Arrests and The Rights of Arrested Persons In Kenya

Arrests and The Rights of Arrested Persons In Kenya.

An arrest can be defined as the actual seizure or touching of a person’s body with the intention of taking them into custody or detention. It is a forcible restraint on a person’s liberty, which can be effected either with a warrant or without a warrant under powers conferred by law. Section 21 of the Criminal Procedure Code (CPC) stipulates that, in making an arrest, a police officer or other person executing the arrest shall actually touch or confine the body of the person being arrested, unless the individual submits to custody by word or action. However, Section 24 of the CPC provides that the person arrested shall not be subjected to excessive force than is necessary to prevent his escape. Therefore, when an arrested person is cooperating there is no need to use force or restraints such as handcuffs. Once an individual has been arrested, the Police Officer is empowered to search them by Section 25 of the CPC and take them into custody.

Who can Conduct Arrests?

Arrests can either be conducted by a police officer or a private citizen in what is known as a “Citizen’s arrest.” As stated above, when one is arrested by a police officer, such arrest can take place with or without a warrant. Arrests without a warrant may occur under the condition that the police officer suspects that the person has committed; a cognizable offense, a felony, breached the peace, obstructed police officers executing their duties, possessed stolen property, deserted from the armed forces, or possesses implements for housebreaking.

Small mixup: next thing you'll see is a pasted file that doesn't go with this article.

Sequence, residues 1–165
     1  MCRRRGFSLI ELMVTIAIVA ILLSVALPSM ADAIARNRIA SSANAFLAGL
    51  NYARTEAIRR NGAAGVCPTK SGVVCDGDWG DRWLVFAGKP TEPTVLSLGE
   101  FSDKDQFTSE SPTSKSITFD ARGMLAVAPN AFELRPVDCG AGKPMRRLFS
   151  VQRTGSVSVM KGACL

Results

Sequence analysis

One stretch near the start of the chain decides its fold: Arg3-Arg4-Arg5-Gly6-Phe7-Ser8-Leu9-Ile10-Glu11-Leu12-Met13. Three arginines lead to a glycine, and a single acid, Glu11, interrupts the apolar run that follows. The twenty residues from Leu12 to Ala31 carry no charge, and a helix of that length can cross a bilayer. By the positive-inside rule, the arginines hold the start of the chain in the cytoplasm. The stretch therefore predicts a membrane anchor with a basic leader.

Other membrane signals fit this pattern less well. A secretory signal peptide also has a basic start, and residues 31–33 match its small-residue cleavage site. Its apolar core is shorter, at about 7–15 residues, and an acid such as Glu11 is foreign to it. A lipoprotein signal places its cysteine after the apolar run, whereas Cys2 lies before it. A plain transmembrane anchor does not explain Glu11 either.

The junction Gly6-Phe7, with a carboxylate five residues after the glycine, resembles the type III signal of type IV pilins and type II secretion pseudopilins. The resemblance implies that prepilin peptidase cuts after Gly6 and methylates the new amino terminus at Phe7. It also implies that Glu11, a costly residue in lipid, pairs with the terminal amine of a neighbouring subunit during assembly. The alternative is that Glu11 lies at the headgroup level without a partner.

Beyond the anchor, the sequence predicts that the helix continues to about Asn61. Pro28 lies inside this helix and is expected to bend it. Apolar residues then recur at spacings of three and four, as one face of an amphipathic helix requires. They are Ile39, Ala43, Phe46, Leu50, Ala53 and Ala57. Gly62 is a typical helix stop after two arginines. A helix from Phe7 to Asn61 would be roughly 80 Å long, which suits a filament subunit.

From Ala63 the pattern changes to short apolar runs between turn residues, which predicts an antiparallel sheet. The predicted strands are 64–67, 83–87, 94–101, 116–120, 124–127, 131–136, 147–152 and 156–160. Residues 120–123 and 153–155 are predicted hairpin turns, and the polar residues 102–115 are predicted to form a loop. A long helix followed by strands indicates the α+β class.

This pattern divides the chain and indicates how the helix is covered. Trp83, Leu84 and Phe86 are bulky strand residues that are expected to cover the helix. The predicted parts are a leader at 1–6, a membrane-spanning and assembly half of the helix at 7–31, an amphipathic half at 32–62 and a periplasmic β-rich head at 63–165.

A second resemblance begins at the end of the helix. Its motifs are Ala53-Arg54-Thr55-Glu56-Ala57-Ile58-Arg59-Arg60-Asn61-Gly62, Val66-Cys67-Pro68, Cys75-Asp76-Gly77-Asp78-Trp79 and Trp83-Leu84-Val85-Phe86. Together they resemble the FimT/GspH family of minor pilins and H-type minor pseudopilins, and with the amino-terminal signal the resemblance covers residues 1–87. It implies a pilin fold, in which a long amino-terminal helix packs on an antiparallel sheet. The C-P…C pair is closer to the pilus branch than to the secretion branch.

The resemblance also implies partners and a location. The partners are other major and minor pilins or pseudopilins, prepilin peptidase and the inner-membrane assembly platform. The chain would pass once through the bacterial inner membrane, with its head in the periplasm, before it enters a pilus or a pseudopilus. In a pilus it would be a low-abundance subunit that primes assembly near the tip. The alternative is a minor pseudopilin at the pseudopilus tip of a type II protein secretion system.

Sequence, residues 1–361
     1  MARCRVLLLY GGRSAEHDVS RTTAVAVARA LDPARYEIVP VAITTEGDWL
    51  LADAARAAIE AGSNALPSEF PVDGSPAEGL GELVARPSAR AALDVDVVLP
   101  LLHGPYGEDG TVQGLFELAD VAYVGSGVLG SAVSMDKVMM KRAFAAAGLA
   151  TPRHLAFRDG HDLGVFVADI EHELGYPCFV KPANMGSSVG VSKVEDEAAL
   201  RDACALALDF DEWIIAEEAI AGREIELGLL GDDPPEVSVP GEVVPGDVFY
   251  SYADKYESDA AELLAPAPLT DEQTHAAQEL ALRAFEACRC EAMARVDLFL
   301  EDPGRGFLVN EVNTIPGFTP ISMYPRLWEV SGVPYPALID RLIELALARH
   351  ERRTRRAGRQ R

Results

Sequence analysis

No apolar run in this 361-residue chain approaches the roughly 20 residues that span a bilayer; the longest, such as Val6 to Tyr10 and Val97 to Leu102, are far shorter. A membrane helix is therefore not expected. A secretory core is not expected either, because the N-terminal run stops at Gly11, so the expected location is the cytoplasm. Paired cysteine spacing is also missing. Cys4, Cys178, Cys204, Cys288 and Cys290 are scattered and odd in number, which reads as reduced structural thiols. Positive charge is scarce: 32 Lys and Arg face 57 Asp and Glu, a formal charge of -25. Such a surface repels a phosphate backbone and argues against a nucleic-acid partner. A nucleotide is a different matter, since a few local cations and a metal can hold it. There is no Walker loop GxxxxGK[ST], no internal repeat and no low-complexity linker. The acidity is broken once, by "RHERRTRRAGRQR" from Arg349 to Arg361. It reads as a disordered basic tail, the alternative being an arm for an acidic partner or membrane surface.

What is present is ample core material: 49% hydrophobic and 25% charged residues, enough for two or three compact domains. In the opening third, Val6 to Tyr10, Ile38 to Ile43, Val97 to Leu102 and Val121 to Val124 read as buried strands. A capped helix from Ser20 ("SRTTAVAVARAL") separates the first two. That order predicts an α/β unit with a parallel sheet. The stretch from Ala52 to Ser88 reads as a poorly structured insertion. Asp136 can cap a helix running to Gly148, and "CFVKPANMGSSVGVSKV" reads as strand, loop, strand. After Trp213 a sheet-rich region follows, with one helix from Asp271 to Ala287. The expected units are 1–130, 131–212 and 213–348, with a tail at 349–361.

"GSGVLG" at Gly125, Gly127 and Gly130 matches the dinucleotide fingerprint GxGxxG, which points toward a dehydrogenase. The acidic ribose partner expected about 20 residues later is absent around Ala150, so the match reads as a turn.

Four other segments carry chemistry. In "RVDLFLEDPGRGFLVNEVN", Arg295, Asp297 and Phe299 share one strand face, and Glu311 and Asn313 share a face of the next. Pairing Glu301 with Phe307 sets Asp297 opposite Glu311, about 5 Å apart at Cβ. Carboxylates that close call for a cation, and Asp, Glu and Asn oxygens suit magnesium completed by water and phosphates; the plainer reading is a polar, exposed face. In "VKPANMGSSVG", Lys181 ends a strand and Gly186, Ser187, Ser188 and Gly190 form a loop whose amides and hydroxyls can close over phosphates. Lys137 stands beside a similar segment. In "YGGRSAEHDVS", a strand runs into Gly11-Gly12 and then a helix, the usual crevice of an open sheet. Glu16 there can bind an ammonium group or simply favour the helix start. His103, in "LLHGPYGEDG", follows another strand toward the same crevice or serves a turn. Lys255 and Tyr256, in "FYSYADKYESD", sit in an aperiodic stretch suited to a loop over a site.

When one is arrested and held in custody they are still protected by law and have specific rights that protect them and ensure fairness, prevent abuse of power, and uphold the principles of justice and human dignity. These rights are mainly provided in Article 49, 50 and 51 of the Constitution of Kenya.

Rights of Arrested Persons

An arrested person in Kenya has the right to be promptly informed; of the reason for their arrest in a language they understand. They also have to be informed of their right to remain silent, and the consequences of choosing not to do as well as their right to communicate with an Advocate and any other necessary person. 

When a person is arrested, they have a right not to be compelled to make any confession or admission that could be used as evidence against them. Additionally, they have the right to be brought before a court within twenty-four hours of being arrested. If the twenty-four hours after arrest end outside ordinary court hours or happen to fall on a non-court day, the arrested person must be arraigned before a court by the end of the next court day. 

When taken before a court of law, at the first court appearance, arrested persons have the right to be charged, informed of the reason for the continued detention, or to be released. Arrested persons also have the right to be released on bond or bail, on reasonable conditions, pending a charge or trial, unless there are compelling reasons for their continued detention. Additionally, an arrested person shall be held separately from persons serving a sentence and shall not be remanded in custody for an offence punishable by a fine only or by imprisonment for not more than six months.